“The Virgin Islands is being looked to as a success story for our active response despite limited funding,” Ellis said.
According to Ellis, the CDC has said that the territory is an ideal model for Zika response. In less than a week of the first confirmed case, the CDC had personnel on the ground assisting with communication and education efforts. There are now seven people from the CDC in territory specifically to help with Zika response.
“We focused on getting pregnant women Zika prevention kits and have distributed over 500 so far at 10 area clinics. We’ve also had a huge educational push by visiting 49 schools and many churches and senior centers,” Ellis said.
The CDC has also contracted a private company to inspect the homes of pregnant women for potential mosquito breeding risks and to offer larvicide treatment if necessary. So far, 240 households have been contacted. The company is also keeping track of homes that need window screens repaired, but Health is still determining a plan for how to address them.
Any households with a pregnant woman that would like this free service or want additional information about it can call Health’s Emergency Operations Center at 340-712-6205.
Health continues to provide free Zika testing at area clinics for pregnant women, despite if they’re showing symptoms or not. The most common symptoms of Zika are fever, rash, joint pain and red eyes, but can also include muscle pain, headache, pain behind the eyes and vomiting.
Health is distributing education materials in English and Spanish, as well as prevention tools like mosquito nets, insect repellent and condoms to pregnant women at the following locations:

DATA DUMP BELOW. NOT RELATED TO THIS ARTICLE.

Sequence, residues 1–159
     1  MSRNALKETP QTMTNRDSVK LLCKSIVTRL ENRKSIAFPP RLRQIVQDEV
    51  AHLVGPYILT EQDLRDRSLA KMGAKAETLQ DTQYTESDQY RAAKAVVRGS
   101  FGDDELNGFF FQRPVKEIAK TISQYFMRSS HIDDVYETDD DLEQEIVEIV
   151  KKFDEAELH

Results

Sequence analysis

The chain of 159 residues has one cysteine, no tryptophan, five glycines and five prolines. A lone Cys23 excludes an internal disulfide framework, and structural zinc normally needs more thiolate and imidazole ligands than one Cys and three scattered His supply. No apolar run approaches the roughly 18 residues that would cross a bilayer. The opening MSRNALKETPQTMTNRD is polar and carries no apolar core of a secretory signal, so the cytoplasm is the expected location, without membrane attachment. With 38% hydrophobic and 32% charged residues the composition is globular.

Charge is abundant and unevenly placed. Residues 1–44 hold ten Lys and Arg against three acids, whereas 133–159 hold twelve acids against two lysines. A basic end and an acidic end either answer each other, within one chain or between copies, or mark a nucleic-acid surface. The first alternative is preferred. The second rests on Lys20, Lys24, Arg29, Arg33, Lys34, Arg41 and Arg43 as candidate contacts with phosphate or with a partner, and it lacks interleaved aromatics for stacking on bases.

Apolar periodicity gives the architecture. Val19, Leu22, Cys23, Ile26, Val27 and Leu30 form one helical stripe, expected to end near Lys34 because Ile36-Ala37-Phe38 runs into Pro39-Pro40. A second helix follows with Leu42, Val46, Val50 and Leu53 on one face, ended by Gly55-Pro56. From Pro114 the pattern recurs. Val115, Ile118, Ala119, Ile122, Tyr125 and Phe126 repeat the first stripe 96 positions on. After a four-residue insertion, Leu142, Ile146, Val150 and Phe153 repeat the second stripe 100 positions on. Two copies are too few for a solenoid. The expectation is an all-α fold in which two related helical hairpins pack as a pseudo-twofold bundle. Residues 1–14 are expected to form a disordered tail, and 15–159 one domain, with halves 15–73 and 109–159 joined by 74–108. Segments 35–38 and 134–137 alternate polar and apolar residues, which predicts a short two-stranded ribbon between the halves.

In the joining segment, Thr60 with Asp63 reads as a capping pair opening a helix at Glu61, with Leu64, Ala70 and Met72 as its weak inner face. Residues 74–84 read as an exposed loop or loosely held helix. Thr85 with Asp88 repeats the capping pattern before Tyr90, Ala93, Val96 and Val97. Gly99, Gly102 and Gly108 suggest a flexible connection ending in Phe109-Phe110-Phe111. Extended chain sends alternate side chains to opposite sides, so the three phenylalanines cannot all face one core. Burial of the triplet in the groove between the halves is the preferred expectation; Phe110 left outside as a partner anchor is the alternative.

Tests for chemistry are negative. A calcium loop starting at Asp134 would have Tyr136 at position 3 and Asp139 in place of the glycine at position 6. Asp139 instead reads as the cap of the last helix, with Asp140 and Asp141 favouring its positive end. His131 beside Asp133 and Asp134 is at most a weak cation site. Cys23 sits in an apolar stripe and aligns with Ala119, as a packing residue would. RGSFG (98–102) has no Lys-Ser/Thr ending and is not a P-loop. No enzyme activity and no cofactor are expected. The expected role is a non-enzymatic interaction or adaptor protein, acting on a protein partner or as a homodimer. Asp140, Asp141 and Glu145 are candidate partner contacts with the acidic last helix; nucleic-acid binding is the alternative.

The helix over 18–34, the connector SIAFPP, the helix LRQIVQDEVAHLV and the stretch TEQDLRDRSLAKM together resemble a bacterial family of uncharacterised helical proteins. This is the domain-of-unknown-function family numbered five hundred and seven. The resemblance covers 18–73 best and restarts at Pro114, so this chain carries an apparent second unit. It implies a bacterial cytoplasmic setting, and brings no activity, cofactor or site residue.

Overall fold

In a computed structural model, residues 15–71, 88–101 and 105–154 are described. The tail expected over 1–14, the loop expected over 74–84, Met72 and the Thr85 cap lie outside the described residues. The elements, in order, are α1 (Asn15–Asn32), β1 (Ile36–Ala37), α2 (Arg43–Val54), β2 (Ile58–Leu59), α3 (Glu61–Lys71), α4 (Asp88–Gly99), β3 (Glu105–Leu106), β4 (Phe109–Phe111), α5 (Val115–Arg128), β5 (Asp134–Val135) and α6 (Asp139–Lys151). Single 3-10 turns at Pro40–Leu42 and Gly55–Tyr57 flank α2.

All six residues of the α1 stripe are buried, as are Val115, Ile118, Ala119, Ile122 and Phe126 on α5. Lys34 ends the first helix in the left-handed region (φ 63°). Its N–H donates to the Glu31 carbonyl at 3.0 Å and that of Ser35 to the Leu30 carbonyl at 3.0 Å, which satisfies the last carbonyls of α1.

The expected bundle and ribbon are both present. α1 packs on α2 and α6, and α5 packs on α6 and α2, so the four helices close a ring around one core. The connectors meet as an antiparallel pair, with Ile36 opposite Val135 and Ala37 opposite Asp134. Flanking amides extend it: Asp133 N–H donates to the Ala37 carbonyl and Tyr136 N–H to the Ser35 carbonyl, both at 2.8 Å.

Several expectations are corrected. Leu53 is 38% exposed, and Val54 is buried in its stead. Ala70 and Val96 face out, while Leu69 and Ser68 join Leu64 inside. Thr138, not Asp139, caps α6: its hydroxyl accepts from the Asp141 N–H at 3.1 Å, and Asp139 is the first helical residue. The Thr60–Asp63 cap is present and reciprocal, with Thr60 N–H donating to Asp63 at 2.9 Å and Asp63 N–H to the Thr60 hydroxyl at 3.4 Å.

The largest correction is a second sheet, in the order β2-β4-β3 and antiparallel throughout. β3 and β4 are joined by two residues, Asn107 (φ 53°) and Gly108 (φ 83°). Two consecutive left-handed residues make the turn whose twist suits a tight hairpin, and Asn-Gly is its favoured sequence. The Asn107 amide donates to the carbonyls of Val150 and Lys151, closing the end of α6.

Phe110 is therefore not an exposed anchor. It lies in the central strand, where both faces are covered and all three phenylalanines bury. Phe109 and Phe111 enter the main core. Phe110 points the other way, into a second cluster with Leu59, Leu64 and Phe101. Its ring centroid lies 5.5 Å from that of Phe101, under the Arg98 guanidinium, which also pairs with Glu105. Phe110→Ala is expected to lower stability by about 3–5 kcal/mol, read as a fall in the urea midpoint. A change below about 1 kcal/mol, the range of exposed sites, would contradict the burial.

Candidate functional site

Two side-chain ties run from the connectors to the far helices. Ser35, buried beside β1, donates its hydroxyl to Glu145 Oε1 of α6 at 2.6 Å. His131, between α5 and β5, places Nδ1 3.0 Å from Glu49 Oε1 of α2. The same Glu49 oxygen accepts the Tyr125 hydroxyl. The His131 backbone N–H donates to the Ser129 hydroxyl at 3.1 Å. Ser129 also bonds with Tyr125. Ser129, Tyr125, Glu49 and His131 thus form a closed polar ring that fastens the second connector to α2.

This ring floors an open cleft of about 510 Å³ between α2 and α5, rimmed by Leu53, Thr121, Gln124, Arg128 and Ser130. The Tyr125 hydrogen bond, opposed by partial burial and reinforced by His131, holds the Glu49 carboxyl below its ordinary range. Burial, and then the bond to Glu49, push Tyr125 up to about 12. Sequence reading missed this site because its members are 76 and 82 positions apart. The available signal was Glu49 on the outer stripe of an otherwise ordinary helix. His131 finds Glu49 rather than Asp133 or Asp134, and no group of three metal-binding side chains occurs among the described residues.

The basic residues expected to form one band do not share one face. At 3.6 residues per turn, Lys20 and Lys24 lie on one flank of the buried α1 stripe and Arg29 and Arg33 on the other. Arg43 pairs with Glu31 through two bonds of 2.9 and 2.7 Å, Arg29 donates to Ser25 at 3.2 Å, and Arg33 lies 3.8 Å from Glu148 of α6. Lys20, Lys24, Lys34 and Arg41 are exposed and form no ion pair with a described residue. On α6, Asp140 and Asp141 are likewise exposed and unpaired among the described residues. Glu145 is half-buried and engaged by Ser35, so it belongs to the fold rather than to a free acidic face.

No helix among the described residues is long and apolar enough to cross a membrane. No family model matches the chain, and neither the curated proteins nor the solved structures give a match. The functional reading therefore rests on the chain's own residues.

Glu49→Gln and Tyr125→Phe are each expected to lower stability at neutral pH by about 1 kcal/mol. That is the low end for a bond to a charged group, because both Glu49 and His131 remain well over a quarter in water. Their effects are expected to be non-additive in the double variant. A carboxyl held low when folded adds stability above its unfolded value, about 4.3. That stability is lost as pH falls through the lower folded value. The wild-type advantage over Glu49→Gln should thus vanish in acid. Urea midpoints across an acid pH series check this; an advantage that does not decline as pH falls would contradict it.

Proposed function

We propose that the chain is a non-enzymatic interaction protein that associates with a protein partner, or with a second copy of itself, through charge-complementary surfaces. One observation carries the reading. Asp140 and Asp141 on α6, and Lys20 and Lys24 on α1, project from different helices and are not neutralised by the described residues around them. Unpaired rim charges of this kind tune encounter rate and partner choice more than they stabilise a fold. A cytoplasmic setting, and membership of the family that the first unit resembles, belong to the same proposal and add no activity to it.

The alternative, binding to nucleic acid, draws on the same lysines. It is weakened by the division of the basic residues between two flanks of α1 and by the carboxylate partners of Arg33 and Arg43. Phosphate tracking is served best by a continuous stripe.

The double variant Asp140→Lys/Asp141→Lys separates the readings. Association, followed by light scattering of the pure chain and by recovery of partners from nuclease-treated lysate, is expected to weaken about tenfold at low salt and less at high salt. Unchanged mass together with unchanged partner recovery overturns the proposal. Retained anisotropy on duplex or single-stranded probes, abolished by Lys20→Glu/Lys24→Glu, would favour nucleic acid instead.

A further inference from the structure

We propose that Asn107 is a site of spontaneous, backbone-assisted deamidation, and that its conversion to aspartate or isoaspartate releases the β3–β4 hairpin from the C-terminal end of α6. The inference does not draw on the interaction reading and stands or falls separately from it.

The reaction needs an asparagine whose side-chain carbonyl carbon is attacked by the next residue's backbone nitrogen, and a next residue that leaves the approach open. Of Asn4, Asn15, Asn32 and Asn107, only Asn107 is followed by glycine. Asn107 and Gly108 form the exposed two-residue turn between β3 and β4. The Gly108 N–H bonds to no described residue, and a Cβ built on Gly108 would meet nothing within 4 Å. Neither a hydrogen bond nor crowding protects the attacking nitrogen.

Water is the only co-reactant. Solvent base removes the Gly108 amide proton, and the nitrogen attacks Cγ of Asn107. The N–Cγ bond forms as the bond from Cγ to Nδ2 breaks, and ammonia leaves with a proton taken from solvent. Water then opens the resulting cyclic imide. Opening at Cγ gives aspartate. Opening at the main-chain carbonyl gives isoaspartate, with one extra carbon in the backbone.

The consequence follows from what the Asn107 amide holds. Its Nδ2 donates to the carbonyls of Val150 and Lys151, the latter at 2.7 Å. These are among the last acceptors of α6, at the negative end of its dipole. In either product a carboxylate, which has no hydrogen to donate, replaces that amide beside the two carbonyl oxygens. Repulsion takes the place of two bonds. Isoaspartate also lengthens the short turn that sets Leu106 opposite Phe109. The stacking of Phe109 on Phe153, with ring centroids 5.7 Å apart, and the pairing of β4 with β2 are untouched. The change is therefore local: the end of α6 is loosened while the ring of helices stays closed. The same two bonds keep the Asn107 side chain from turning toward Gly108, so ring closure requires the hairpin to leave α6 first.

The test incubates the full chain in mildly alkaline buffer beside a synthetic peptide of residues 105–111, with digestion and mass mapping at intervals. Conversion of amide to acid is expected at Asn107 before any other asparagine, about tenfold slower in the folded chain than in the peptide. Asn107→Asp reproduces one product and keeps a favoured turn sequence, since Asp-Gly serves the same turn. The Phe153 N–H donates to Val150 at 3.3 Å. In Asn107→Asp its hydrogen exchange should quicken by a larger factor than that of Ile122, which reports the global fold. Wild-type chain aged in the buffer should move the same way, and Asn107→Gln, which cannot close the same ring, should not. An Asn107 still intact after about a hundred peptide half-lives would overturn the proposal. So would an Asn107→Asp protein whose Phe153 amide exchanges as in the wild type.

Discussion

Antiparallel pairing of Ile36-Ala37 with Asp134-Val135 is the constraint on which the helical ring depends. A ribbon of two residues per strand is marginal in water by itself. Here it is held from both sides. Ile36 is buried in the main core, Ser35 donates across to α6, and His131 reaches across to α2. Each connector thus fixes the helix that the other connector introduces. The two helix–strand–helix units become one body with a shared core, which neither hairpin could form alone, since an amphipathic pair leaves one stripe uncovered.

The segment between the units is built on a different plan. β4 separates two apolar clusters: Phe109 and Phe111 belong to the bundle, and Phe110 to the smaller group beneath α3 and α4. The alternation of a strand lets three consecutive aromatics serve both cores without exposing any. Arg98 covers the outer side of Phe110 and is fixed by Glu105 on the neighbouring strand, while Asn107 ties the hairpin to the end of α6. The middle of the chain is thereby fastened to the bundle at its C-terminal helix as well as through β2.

On St. Croix
– Department of Health MCH Clinic
– Department of Health WIC Clinic
– Juan F. Luis Hospital and Medical Center
– Frederiksted Health Center
On St. John
– Health Care Connection
– Myrah Keating Smith Community Health Center
On St. Thomas
– Department of Health MCH Clinic (Pediatric)
– Department of Health Community Health Clinic (Prenatal)
– Roy Lester Schneider Hospital
– East End Medical Center
For local information about Zika virus, call the Department of Health Emergency Operations Center at 340-712-6205. For more general information about the Zika virus call toll free: 1-800-CDC-INFO.
Health is partnering with several labs and clinics throughout the territory to provide free virus infection testing:
On St. Croix:
– Beeston Hill Clinical Lab, 773-4990.
– Clinical Laboratory Inc. (Sunny Isle), 778-5369.
– Frederiksted Health Care, Inc., 772-0260.
– Gov. Juan F. Luis Hospital & Medical Center, 778-6311.
– Primary Care PLLC, 718-7788.
On St. John:
– Myrah Keating Smith Community Health Center, 693-8900.
On St. Thomas:
– Community Medical Laboratory, 776-7444.
– Cranston/Dottin Biomedical Lab, 774-6256.
– Doctors Clinical Laboratory, 774-2760.
– Havensight Medical Laboratory, 774-5515.
– Roy Lester Schneider Hospital, 776-8311.